Scrolling through LinkedIn, you can find an abundance of inspirational posts that take a seemingly random event and turn it into a lesson on leadership. Although these posts sometimes come off self-promotional and dramatize reality, there is usually some truth to them. One common example explores the difference between managing and leading, with the takeaway that managers achieve results through control and leaders by guiding. You can tell a lot through the word choice these posts used to describe both groups: They typically depict managers as demanding and leaders as people who coach, advise and demonstrate.

It’s a return to the notion that leaders set an example through their actions rather than telling people what to do, and there is a nugget of truth to it. Any leader worth his or her salt has both received and given this adage, but the difficulty lies in acting on it. In this way, an organization’s culture is driven by what senior executives choose to prioritize. After all, if senior executives don’t act the way they want others to, why would employees?

All too often, we see discrepancies between the C-suite’s expectations for its workforce and reality of those workers’ day to day, including when it comes to how the business uses data. Many organizations understand the benefits of using data to inform decisions: that it can empower employees to make more informed decisions, improve productivity and drive competitive advantage. In fact, in a survey by Credence Research, 90% of professionals said “data and analytics are key to their organization’s digital transformation initiatives.” However, few leaders have a realistic view of the extent to which their organizations can implement these practices.

The Data Skills Gap

In a recent survey by Qlik and Accenture called “The Human Impact of Data Literacy,” 75% of C-suite level respondents said they believe that all or most of their employees have the ability to work with data proficiently. Moreover, 79% of these executives believe that their employees have access to the tools they need to be productive. However, middle managers and lower-level employees are less optimistic; only around 50% feel that all or most employees have the right abilities, and the same percentage believe that employees have access to the right tools to achieve goals.

Clearly, there is a disconnect between the perceived capabilities of the workforce and its actual capabilities, demonstrating that not only must leaders trust the data, but they should also strive to help their employees become more confident and comfortable using data to make decisions.

Part of the problem is that leaders are failing to recognize how their own examples are setting the wrong expectations. According to the Qlik and Accenture survey, around two-thirds of C-suite executives, senior managers and directors would go with their gut feeling over data-driven insight, compared with 41% of lower-level employees.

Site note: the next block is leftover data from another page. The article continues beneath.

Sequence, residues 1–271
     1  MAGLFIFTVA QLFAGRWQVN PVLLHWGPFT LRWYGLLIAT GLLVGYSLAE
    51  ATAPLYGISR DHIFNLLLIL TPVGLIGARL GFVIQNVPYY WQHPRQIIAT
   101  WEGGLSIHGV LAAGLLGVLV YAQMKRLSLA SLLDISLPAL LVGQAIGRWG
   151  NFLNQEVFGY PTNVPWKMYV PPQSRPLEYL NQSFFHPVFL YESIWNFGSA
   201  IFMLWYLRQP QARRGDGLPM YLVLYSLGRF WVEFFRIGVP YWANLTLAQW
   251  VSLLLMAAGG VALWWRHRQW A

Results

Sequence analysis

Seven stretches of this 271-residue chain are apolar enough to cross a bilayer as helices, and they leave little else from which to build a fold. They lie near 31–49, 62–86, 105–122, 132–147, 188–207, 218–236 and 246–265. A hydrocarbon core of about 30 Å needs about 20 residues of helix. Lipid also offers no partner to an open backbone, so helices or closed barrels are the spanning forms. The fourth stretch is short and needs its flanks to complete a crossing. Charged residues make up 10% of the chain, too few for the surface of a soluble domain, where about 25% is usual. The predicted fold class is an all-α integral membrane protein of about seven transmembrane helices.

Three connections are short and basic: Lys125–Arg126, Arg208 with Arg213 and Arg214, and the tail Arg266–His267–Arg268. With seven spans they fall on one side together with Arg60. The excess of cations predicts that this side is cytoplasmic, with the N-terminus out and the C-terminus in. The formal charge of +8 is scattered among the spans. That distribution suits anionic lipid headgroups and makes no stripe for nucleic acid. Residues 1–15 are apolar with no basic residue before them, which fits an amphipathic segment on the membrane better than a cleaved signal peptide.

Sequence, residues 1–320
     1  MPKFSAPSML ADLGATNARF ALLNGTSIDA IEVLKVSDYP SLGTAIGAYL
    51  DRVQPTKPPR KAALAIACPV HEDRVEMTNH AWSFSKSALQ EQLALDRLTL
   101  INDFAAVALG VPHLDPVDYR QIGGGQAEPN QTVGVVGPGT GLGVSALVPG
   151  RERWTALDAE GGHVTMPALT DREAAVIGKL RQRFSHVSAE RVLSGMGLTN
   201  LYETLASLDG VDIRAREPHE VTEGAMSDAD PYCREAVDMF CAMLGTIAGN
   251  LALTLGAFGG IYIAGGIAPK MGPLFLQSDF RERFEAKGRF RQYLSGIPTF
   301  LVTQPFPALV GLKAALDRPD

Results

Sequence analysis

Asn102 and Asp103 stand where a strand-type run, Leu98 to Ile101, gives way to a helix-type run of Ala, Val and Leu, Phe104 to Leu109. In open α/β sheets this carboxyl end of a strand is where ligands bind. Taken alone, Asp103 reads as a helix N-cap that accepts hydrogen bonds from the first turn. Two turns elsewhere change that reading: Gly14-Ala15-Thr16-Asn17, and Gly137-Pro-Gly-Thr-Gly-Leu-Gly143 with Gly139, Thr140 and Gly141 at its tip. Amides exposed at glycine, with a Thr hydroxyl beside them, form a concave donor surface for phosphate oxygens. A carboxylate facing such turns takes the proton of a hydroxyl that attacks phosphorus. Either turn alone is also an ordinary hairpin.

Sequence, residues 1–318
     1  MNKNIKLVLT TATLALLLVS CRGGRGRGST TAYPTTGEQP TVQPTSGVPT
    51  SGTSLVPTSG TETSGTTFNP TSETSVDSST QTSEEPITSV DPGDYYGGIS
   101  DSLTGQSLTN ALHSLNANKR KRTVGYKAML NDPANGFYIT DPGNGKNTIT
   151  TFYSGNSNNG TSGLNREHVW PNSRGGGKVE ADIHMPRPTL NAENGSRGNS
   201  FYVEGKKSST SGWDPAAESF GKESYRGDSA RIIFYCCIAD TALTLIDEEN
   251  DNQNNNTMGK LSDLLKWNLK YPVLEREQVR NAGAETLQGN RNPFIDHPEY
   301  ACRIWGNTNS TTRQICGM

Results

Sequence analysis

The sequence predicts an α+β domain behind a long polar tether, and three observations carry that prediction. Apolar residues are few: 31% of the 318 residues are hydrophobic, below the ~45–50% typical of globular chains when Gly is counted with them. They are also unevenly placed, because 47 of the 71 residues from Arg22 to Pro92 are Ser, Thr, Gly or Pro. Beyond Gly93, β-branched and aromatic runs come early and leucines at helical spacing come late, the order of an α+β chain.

In SHRM’s “Skills Gap 2019” survey, 50% of respondents said that skills shortages worsened in their organizations over the previous two years. Now that the global pandemic has caused an uncertain economic landscape, one might think that the skills gap would shrink or stay the same amid unemployment. The reality, however, is that unemployment will only cause the gap to widen. It is more important than ever to focus on developing data skills from the top to the bottom of your workforce.

Additionally, the Qlik and Accenture survey findings suggest that executives’ lack of confidence in making data-based decisions is impeding their ability to lead with data. A little fewer than one-third of global C-suite respondents said they were overwhelmed with data at least once each day, compared to 14% of employees overall. And, just one-fifth of the global workforce reported feeling fully confident in their data literacy (the ability to read, understand, question and work with data).

The Leadership Solution

Leaders can only solve this problem by leading by example — interrogating their own skill sets; investing in training where required; and moving away from gut instinct to demonstrate to their own employees how they can, and should, use data-led insights. After all, Gartner reports, “By 2022, 90% of corporate strategies will explicitly mention information as a critical enterprise asset and analytics as an essential competency.”

If leaders are serious about establishing a data-driven culture, they need to establish the correct priorities. Education and empowerment should be led from the top down. Empowering employees to confidently embrace and make data-driven decisions is an investment in a business’ most important asset — its people. The result can have a financial impact, too, as Qlik and Accenture found; enterprises that have successfully built a data-driven workforce can increase the value of their organization by up to five percent.

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